Two weeks ago when retiring U.S. Rep. Jim Ramstadâ€™s name was bandied about in D.C. as President-elect Obamaâ€™s new drug czar, supporters cheered it as a showing of Obamaâ€™s desire for a bipartisan cabinet.
Ramstad, an 18-year Republican veteran of the U.S. House with a public history of alcoholism and recovery, helped pass legislation earlier this year to bolster health coverage for people with mental health and substance abuse conditions, making him an appealing choice to head the Office of National Drug Control Policy. But now his potential nomination is hitting a little turbulence.
More than 40 health-care and treatment groups, including the Community HIV/AIDS Mobilization Project, sent a letter to the Obama transition team Wednesday pointing to Ramstadâ€™s past votes against needle-exchange programs and the use of marijuana for medicinal purposes as evidence that he might not be a part of the change on which Obama so successfully ran.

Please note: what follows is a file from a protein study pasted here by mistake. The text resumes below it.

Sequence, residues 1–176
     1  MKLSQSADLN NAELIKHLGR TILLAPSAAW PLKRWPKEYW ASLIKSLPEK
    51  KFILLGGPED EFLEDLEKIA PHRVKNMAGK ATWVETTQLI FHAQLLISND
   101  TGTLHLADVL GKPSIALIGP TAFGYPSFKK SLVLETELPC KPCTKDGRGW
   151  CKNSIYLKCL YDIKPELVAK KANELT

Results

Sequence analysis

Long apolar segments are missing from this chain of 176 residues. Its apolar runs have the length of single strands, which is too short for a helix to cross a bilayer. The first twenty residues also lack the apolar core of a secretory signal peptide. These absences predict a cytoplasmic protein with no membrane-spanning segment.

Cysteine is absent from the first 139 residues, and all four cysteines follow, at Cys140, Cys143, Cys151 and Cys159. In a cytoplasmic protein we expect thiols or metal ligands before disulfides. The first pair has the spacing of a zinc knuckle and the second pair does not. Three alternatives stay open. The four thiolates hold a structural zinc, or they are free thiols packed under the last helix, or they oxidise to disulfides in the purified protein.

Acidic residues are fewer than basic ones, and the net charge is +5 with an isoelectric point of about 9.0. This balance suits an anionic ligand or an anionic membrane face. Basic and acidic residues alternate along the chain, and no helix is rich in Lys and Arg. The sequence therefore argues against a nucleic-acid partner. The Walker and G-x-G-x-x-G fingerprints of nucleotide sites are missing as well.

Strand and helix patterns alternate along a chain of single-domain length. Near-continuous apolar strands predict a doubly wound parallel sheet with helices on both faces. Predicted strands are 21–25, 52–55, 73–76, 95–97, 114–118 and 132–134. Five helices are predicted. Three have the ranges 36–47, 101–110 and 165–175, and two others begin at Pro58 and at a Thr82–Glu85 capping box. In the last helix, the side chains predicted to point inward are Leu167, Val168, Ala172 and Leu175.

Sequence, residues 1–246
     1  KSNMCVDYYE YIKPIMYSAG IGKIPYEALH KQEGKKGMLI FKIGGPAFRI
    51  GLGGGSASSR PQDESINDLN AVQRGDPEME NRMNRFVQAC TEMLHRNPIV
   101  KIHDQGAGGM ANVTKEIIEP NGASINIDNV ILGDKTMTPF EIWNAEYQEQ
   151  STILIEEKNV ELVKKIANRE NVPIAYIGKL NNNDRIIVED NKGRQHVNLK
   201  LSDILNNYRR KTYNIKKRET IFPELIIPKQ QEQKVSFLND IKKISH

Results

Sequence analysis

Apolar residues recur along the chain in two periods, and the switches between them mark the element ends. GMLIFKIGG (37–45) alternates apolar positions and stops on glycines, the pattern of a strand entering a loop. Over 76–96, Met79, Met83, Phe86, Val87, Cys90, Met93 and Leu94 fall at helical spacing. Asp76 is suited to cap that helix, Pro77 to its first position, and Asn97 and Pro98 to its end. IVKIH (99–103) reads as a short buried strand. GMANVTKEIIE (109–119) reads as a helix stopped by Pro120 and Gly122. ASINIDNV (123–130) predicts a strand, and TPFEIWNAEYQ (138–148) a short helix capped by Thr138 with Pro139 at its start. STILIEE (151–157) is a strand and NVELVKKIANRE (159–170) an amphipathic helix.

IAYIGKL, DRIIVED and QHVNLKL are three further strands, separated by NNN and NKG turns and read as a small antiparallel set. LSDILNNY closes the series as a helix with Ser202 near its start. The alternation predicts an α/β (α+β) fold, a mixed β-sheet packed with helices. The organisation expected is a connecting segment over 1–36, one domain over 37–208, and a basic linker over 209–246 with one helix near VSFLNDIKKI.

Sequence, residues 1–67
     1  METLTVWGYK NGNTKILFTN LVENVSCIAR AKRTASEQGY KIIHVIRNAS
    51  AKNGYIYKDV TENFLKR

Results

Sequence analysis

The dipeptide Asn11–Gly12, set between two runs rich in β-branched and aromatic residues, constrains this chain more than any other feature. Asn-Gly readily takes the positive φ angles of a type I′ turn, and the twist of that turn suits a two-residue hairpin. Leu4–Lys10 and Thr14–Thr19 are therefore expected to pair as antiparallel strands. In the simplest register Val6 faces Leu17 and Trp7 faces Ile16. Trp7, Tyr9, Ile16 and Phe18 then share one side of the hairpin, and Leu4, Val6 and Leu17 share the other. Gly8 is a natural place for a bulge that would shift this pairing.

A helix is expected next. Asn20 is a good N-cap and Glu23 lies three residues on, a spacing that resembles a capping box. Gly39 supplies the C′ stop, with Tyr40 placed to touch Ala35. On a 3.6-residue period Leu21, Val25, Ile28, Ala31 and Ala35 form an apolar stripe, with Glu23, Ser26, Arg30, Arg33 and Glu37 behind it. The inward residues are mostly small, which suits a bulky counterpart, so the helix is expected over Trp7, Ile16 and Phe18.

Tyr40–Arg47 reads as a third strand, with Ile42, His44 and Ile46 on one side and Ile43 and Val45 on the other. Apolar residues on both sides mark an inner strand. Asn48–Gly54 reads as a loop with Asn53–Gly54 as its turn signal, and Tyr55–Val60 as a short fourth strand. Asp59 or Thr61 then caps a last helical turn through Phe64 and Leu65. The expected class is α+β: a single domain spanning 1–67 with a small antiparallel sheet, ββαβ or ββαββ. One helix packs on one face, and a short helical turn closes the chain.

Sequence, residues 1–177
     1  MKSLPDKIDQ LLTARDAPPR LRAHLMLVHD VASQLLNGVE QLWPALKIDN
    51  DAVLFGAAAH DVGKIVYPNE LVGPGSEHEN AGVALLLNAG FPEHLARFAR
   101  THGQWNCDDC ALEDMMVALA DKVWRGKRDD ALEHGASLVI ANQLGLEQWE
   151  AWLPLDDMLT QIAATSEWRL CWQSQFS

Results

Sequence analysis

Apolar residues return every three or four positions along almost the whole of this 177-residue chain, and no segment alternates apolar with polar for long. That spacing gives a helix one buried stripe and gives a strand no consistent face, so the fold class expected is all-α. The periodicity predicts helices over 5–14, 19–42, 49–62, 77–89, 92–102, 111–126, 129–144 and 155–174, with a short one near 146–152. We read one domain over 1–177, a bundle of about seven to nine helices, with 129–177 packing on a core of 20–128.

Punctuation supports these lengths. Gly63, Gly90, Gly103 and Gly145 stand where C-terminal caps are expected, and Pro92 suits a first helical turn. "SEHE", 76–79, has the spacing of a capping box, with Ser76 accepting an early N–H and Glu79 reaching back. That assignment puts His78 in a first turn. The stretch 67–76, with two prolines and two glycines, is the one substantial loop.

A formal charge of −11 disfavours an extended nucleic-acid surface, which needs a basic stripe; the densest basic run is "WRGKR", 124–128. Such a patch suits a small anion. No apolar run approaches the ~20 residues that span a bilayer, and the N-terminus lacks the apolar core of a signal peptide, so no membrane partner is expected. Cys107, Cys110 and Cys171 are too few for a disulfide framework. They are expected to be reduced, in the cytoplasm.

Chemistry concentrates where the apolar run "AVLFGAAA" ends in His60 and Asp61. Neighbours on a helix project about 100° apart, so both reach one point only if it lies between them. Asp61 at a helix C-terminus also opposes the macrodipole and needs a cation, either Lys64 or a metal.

The letter specifically addresses three votes in 1998, 2000 and 2007 against needle-exchange programs, while other skeptics point to five votes against medicinal marijuana.
Although Ramstad hasnâ€™t publicly commented on his interest in the post, let alone outlined a would-be drug policy, the groups still arenâ€™t taking any chances in their break from a Bush administration-style war on drugs.
â€œRepresentative Ramstad has consistently opposed policies that seek to reduce drug-related harm and create common ground on polarizing issues,â€ the letter says.
The Senate would have to approve any Obama nominee, but Ramstad already has some Democrats in his corner, such as Massachusetts Sen. Ted Kennedy whom he worked with to enact the mental health parity legislation.
No candidates for the drug czar’s job have been officially announced by the team running Obama’s search for a successor to current ONDCP head John Walters.
Ramstad’s office declined to comment Wednesday.